Employees and affiliates of Sowell may at times have positions in the securities referred to and may make purchases or sales of these securities while publications are in circulation. Positions may change at any time.

Investments in equities carry an inherent element of risk including the potential for significant loss of principal. Past performance is not an indication of future results.

Advisory services are offered through Sowell Management Services.

Dave Moenning

No Surprises

As expected, the FOMC said little that was new in the release of yesterday’s post-meeting policy statement. Yes, there were the obligatory tweaks to the first paragraph regarding current economic conditions and some very modest adjustments to the committee’s view on inflation. And yes, there was a discussion about starting to wind down the Fed’s $4.5 Trillion balance sheet. But all in all, the statement was a non-event from a market perspective.

On the inflation front, the statement said inflation measures “have declined” and are “running below 2%.” Analysts quickly compared/contrasted this to last month’s assessment, when it said inflation had “recently declined” and was “somewhat below” 2%. Such is life as a Fed-watcher!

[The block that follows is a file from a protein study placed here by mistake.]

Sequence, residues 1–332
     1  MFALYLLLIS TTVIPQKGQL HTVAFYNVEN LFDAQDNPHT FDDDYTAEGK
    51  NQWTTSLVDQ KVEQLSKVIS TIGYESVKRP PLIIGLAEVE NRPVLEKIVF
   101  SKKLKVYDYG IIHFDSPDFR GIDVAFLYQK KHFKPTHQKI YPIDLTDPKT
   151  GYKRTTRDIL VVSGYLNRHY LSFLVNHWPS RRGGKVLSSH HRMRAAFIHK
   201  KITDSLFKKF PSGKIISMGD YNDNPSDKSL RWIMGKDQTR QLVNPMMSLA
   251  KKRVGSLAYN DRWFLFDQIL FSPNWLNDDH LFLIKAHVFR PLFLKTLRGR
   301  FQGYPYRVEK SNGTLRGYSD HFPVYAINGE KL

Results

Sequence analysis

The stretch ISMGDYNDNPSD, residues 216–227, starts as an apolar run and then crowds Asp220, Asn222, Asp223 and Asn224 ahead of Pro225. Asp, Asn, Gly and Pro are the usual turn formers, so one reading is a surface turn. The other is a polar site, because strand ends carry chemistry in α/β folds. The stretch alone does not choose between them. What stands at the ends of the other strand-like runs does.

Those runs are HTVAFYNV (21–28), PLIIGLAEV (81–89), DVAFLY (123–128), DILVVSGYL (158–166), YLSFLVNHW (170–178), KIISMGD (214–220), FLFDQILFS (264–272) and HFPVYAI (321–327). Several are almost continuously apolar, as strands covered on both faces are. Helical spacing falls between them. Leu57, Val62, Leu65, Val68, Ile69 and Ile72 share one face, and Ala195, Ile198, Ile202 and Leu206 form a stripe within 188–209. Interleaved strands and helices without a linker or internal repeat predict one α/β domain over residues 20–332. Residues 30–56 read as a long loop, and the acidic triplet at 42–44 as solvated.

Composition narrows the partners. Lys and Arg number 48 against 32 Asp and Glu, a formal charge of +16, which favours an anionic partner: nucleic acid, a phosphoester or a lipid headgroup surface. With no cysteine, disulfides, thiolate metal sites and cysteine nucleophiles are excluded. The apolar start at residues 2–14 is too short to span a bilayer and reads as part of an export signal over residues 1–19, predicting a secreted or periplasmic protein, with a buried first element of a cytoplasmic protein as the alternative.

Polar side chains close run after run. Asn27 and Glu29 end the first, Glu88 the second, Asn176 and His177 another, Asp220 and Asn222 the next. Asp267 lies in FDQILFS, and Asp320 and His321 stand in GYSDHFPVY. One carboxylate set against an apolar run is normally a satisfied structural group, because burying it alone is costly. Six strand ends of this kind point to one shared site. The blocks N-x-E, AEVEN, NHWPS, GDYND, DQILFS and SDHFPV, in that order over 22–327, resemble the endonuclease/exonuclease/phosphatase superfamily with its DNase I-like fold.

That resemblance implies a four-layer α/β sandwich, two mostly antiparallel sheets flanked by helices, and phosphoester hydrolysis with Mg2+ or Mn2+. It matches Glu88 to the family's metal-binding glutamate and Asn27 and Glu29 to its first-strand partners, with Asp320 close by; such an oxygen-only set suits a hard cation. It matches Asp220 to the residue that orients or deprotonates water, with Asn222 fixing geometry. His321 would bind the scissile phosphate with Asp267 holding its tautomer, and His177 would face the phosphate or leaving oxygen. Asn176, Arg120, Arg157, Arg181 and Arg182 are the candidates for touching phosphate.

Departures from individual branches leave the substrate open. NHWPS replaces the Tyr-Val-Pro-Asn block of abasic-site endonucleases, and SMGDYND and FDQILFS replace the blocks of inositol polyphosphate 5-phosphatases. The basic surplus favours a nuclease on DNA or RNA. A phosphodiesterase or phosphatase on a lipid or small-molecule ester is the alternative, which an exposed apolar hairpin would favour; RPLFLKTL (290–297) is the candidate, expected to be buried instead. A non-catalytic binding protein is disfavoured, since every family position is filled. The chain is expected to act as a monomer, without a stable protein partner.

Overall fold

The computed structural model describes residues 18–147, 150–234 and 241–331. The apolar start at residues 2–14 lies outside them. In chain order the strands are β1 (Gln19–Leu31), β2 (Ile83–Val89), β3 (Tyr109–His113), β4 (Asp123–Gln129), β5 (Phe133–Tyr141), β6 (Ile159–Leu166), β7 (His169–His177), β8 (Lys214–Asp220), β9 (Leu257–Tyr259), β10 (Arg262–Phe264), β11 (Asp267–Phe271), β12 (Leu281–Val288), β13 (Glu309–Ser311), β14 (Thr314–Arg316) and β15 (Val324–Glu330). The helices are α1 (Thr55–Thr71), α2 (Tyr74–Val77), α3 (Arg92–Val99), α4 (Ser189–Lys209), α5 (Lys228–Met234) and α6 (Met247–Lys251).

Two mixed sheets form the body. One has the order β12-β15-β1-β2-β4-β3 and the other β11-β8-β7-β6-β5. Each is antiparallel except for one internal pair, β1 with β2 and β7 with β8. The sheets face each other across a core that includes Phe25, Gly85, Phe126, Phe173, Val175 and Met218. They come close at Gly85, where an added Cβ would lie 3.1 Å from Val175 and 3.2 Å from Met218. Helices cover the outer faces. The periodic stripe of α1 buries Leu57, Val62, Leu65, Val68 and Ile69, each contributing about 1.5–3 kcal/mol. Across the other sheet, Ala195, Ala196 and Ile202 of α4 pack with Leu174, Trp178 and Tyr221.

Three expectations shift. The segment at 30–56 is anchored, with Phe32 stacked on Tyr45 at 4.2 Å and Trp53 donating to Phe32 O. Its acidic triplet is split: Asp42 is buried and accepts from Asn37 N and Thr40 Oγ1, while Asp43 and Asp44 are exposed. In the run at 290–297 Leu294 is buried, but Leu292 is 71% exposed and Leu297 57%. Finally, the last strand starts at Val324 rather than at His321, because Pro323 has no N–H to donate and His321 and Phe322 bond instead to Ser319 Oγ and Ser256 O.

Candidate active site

Although the changes were subtle, some analysts opined that this month’s characterization of inflation suggests the Fed views inflation as more entrenched and less transitory than it did in June.

The main event in the release, which wasn’t really new, was the statement that the FOMC expects to implement its balance sheet normalization program (i.e. the selling of bonds the Fed holds) “relatively soon.” The general consensus among the Fed-watchers I follow is that the “normalization” will begin at the conclusion of the next FOMC meeting on September 20. The expectation is the Fed will announce that starting in October, it will gradually decrease its reinvestment of principal payments from its securities holdings, in accordance with its previously released Policy Normalization Principles and Plans. And if all goes according to plan (insert hearty chuckle here), the Fed’s “balance sheet” would be back to “normal” in four or five years.